1930s, Culture, Food, Fun, History, Nature, Nostalgia, Photography, Pics, Vintage

Wild Rice Is Life

Nat Geo 3/35, Finlay Photograph by Clifton Adams

Four incredibly color-coordinated pale faces chat about patterns with Chippewa Chief Big Bear in Itasca Park, Minnesota back in 1935. His tribesman sold many items to visitors, including beaded bags, baskets, toy birch-bark canoes, and other handicrafts. They also held husking parties, such as these, with the intent to supply rice for sportsmen’s game banquets.

Asabel Curtis

While other tribes chose corn as their main crop, the Chippewa lived in a “place where there is food upon the water” surrounding the Great Lakes region. Wild rice, or “manoomin” in the Ojibwe language, was integral to their diets as well as their entire way of life. Wisconsin Chippewans have harvested manoomin for centuries.

https://www.sierraclub.org/

In 2018, Chippewa Indians from Turtle Lake, Wisconsin continued to gather in the name of rice, hosting their 45th annual Wild Rice Festival. The pow-wow was the showstopper.

https://www.hometownsource.com/

While rice beds have been diminishing, threatened by climate issues, pipelines, and mines, Chippewans struggle to protect the crop by reseeding lakes and waterways, hoping to meet the needs of their communities as well as pass on the culture to younger generations.

https://www.sierraclub.org/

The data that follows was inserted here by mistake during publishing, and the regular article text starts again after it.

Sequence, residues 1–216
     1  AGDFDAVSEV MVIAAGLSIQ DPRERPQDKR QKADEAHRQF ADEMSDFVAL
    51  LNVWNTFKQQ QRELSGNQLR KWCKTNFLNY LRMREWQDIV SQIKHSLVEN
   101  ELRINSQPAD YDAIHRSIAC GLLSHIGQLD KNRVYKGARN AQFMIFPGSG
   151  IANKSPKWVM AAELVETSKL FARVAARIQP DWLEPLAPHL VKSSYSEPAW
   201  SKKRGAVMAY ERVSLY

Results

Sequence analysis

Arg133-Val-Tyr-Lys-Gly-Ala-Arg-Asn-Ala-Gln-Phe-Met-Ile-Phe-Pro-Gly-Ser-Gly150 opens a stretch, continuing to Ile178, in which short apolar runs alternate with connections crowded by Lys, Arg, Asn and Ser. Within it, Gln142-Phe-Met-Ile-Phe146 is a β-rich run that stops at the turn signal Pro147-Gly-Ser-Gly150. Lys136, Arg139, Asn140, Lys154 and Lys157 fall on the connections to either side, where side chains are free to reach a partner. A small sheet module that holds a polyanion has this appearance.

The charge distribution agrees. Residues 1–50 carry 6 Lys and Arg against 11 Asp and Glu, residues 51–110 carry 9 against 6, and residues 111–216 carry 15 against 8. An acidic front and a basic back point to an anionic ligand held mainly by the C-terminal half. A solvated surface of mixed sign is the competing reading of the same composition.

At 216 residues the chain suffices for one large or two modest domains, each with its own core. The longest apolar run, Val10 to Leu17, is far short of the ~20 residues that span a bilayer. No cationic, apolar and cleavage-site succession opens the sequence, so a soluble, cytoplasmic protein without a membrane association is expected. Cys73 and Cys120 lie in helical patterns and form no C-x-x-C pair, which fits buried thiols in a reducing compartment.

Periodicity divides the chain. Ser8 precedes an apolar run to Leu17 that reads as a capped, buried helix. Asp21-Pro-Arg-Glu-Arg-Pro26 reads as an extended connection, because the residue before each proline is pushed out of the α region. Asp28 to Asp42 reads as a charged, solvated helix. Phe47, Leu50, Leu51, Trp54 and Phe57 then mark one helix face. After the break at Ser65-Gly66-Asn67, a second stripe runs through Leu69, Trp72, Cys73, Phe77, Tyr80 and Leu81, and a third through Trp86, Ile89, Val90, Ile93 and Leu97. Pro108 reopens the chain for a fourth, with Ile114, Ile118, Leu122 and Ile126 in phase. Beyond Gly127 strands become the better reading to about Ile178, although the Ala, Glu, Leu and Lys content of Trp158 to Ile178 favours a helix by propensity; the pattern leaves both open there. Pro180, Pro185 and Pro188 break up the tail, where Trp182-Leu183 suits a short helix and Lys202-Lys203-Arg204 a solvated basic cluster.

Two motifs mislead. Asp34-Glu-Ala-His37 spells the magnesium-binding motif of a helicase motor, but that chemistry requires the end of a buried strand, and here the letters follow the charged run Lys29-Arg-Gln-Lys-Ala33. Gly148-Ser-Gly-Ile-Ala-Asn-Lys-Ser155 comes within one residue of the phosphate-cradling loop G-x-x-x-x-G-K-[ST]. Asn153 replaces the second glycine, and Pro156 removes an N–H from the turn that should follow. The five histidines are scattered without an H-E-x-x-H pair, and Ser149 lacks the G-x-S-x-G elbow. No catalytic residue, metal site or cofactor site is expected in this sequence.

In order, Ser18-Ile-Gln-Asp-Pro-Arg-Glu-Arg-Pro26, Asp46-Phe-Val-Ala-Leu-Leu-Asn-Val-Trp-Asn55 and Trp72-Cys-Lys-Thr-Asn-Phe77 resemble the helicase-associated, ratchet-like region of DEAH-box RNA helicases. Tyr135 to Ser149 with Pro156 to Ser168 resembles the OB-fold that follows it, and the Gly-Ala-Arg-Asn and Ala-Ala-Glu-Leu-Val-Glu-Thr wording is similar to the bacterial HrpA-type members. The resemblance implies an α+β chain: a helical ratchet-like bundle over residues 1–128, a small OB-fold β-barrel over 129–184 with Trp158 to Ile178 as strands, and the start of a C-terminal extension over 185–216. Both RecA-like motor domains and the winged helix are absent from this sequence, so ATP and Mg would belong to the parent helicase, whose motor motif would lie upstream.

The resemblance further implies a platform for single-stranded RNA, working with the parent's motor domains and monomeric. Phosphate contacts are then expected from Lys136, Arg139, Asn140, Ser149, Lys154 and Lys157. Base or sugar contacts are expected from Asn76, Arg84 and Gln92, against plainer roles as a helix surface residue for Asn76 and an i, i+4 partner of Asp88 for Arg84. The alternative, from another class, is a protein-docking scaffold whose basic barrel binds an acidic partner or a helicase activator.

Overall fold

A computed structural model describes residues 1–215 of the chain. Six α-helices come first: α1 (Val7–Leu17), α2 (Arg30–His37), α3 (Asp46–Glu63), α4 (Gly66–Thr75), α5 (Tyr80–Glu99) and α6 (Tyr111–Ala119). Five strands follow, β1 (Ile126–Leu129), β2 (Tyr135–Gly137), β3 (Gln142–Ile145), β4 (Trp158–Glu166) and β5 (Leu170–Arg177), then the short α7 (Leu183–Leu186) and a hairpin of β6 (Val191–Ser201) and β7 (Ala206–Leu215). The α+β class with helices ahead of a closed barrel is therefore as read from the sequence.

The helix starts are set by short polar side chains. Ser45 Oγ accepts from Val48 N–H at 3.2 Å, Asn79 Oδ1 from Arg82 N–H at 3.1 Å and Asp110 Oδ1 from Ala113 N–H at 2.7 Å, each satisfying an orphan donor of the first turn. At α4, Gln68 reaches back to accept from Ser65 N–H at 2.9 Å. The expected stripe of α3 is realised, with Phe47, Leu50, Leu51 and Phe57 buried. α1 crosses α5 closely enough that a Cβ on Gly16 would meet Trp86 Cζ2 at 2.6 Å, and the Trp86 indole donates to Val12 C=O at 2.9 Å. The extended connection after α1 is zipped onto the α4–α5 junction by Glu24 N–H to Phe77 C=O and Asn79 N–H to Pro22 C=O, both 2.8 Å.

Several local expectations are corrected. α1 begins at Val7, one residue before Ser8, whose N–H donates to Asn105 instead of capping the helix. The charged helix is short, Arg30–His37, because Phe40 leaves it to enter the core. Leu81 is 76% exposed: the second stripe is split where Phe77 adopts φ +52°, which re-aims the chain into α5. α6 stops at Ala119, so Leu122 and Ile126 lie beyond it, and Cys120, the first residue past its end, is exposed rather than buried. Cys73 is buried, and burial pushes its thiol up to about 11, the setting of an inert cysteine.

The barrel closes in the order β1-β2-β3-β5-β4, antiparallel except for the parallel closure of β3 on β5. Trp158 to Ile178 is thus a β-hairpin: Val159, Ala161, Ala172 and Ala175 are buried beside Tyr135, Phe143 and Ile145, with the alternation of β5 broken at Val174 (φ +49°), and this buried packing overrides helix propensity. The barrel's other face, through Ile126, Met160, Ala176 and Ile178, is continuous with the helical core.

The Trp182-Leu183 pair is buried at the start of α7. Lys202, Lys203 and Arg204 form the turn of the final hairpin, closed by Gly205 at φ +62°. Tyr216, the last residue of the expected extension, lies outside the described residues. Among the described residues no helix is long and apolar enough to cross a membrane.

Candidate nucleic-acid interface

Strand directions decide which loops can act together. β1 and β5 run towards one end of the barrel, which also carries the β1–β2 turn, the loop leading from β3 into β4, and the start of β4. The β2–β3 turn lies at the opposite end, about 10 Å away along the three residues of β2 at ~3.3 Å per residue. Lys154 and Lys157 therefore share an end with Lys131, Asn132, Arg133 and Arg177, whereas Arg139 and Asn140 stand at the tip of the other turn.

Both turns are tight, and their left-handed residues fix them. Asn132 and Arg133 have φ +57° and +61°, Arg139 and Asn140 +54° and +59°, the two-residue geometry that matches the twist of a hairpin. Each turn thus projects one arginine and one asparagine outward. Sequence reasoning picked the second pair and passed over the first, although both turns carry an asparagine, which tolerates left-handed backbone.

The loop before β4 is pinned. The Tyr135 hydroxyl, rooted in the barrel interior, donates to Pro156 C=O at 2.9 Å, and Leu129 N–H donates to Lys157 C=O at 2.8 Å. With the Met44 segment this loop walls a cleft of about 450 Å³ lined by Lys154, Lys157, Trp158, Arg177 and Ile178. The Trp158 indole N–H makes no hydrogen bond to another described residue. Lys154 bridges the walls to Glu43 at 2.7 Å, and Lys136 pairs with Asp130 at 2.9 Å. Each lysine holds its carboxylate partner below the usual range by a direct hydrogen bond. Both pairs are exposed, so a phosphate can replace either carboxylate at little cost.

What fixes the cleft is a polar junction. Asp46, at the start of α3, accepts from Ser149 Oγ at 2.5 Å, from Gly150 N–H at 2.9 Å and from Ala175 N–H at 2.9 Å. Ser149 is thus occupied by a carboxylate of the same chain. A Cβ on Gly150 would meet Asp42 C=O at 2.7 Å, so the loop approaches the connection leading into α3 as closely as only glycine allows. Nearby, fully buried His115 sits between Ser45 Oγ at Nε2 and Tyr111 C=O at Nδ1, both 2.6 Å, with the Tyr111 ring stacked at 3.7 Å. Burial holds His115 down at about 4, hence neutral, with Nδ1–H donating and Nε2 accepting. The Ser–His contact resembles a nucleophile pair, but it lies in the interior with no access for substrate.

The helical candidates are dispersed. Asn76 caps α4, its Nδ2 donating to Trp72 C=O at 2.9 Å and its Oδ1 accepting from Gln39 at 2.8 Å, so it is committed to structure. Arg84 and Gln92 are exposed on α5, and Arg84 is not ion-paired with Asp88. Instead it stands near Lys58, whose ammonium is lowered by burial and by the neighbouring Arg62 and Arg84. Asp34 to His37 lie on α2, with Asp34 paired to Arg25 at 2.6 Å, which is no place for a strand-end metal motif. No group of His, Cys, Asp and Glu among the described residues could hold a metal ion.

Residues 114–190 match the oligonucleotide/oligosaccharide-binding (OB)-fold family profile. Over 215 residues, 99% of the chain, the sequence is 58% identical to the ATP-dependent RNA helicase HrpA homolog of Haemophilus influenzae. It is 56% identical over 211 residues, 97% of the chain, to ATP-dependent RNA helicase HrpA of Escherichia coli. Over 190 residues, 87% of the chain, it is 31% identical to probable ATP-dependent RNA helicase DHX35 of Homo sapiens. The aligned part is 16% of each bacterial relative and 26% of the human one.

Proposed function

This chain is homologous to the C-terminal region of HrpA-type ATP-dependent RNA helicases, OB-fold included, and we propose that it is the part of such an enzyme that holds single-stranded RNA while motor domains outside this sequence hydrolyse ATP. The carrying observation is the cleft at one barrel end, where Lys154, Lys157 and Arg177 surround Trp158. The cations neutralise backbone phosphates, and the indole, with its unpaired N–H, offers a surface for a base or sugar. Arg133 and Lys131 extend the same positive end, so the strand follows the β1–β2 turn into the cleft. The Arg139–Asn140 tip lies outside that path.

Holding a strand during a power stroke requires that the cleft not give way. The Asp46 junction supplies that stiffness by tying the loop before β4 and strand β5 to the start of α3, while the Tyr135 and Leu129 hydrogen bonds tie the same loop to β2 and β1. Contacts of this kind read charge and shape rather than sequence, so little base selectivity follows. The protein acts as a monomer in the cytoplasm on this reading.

Who knew wild rice was such a big deal? To most of us, it’s just a side option at restaurants.

Or a delectable holiday dish, such as this cranberry squash wild rice pilaf.

https://carlsbadcravings.com/

Seriously, I could eat that right now.

Check and see if your state celebrates wild rice as well. Why, we even have a Texas Wild Rice Festival in San Marcos! There’s the mayor floating the river in the middle of the festival.

Prices seem fair in most places, even if you don’t get a pow-wow or float down a river.

And don’t forget to dress up!

Deer River Rice Festival, Grand Rapids Herald Review by Don Batista
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1940s, History, Nostalgia, Photography, Pics, Travel, Vintage

New North

Nat Geo Aug ’47

Back when this photo was taken in the summer of 1947, Penasse, Minnesota was the most northerly post office in the US. Nowadays, it’s Barrow, Alaska. I’m pretty sure we’re done acquiring new states, so Barrow will probably retain the title.

The man  who looks like The Skipper from “Gilligan’s Island” is actually Captain Young, a veteran skipper of the mailboat Resolute (not the S.S. Minnow), which had just arrived on the 50-acre island from Warroad, just shy of Canada. The poor-postured woman with her pelvis tucked beneath her is postmistress Mrs. Fran Cole. The two men beside her, one of which appears to be leering menacingly, are Chippewa Indian fishing guides for summer visitors.

1930s, Culture, History, Nostalgia, Photography, Pics, Vintage

Bills Are Rising, And So Is My Mailbox

Clifton Adams 1935

This Little Fork, Minnesota farmer was tired of state road plows burying his mailbox beneath 10 foot drifts. So he used his noggin and attached the mailbox to a log boom, resembling an old-fashioned well sweep.

“Kerbey, what’s a well sweep?” you may be asking.

Per http://galleryatwellsweep.com,

A well sweep is a device used to bring water up from a well. The term “sweep” refers to the long pole which is lowered until the bucket on the end goes down into the well and fills with water. Because the pole is anchored in the middle on another pole, creating a fulcrum, it can be counter balanced, thus making it easy to raise the pole, and lift the bucket from the well.

And never confuse a fulcrum with a philtrum–that groove above your lip that Millennials pierce.